Airline Passengers Bill Of Rights Signed Into (New York) Law!

New York Governor Elliot Spitzer signed the first passengers bill of rights into law earlier this week. While the law only cover travelers at New York airports, the state is a major international travel hub, home to Kennedy and LaGuardia, two of the busiest airports in the country. The Air Transportation Association lobbied hard against the measure, saying: “No airline wants to subject passengers to long delays on tarmacs, but customer service can’t be legislated.” New York responded by legislating the following customer service measures:

Starting in 2008, food, water, fresh air, power, and working restrooms must be made available to any passenger stranded for more than three hours. Passengers who wish to complain about their service will be directed to the brand new Office of Airline Consumer Advocate within the Consumer Protection Board. Airlines that ignore the new passengers bill of rights may incur the wrath of the Attorney General, who can punish violators with civil penalties of up to $1,000 per passenger.

The national passengers bill of rights remains stuck on the tarmac in committee. With Congress about to adjourn for the Summer District Work Period, don’t expect its passage anytime soon.

N.Y. is first state to OK a ‘fliers’ bill of rights’ [USA Today]
(Photo: nffcnnr)

Comments

Edit Your Comment

  1. iamgibson says:

    It’s about time Somebody does somthing.

  2. Amelie says:

    Hopefully, New Jersey will take care of that other “New York” airport – Newark.

  3. homerjay says:

    “customer service can’t be legislated.”

    Well! Apparently it can!

  4. Cowboys_fan says:

    This issue really shouldn’t need a “Bill of Rights”. If I owned an airline, I think I would have adopted similiar policy the FIRST time this ever happened. If airlines think they can solve the problem, they’re wrong because they should have long ago. Seriously, is food, water, air, and a bathroom too much to ask that we need a law!? I’m not against this law, its the fact we need one in the first place thats ridiculous.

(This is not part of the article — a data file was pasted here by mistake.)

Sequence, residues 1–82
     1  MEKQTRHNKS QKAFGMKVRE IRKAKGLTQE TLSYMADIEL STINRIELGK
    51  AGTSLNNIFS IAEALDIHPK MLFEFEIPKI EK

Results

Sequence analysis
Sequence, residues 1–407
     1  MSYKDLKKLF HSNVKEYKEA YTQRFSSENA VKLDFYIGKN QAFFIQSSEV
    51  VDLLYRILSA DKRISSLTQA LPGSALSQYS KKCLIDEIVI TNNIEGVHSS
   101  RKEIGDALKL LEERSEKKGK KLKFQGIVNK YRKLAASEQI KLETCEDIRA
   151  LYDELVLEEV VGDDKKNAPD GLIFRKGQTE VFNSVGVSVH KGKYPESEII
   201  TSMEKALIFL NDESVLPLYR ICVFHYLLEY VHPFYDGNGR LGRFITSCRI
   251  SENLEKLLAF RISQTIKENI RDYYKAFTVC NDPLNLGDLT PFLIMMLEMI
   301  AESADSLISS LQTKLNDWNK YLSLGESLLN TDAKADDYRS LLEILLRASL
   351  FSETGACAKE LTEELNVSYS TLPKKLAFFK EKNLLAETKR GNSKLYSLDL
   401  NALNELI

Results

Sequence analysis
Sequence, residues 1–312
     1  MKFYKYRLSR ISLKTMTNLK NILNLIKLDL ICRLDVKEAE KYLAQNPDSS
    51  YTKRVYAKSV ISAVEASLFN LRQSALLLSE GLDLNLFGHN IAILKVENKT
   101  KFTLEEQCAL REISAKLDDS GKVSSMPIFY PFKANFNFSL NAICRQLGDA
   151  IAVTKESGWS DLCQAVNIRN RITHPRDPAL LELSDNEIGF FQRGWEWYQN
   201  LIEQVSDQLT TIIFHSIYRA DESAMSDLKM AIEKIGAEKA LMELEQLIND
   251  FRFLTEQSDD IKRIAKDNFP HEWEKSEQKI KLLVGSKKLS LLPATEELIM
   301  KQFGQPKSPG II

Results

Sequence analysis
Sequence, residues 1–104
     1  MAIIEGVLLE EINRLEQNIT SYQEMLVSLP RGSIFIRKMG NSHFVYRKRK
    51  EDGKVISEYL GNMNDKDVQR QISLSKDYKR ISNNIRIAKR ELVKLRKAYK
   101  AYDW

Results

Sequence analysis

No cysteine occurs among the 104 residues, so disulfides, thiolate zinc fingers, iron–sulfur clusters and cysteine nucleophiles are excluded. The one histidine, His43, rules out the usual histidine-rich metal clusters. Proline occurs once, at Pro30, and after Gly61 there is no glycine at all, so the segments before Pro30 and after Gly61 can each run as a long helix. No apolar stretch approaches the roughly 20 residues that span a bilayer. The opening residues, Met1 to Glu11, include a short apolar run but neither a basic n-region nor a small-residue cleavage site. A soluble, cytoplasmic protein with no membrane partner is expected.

5. redknight says:

    I think I’ll go ahead as pass on the food part of this law… and probably the bathroom part too. How about legislation giving me the right not to be imprisoned on an aircraft?

  6. castlecraver says:

    I’m all for this, don’t get me wrong. But wouldn’t it make more sense
    to fix the massive ground traffic and flight scheduling problems that
    cause so many of the delays?

  7. SOhp101 says:

    @Cowboys_fan: This issue shouldn’t need one but it does. Airlines have been too slow in implementing effective procedures in providing basic necessities to passengers and the only way to motivate them to do it quickly is by threatening them with tons of fees.

    Let’s see.. what other groups of people have also neglected to provide access to basic needs/rights until they were motivated by the law? Hospitals, landlords/apartment buildings, restaurants, just to name a few…

  8. Bourque77 says:

    @castlecraver: Yes but in the meantime make passengers as comfortable as possible.Its a lot easier to provide food, water, air, and restrooms than to fix overloaded airports.

  9. BillyShears says:

    I didn’t realize “We get to decide how long we keep people seated in a giant, metal tube strapped to engines built by the lowest bidder before we either let them go, eat, drink or give them clue one as to what’s going on” was “customer service.”

  10. Hawk07 says:

    And in the end, the customers will still get screwed. If the airlines violate the TOS and get fined, that means higher fares.

  11. North of 49 says:

    This makes one wonder that perhaps the no-fly-list isn’t so much “anti-terrorism” but rather a cash cow for the airlines. And that they will fight back because once you’re in their seats, there’s pretty much nothing you can do.

  12. DadCooks says:

    Why does everyone get so excite about these so called “bill of rights”! The is a “bill” that allow the airlines to continue to abuse us!

    Look at what it says, you can be DEPRIVED of air, light, water, and restrooms for three hours!

    If it was a REAL “Bill of Rights” you could not be deprived of these things for one second.

    Legitimate delays I can understand and tolerate IF I DO NOT have to sit in a hot, stuffy, dark, stinking box with no water!

  13. bohemian says:

    The limit should have been an hour, not three. Three hours without a bathroom. This whole issue is crazy. They think locking people in a plane for four hours is no big deal. If people try to raise hell they can end up in trouble with all the federal anti terrorism laws. Pretty much anytime someone gets out of line on a plane they start treating it as a threat.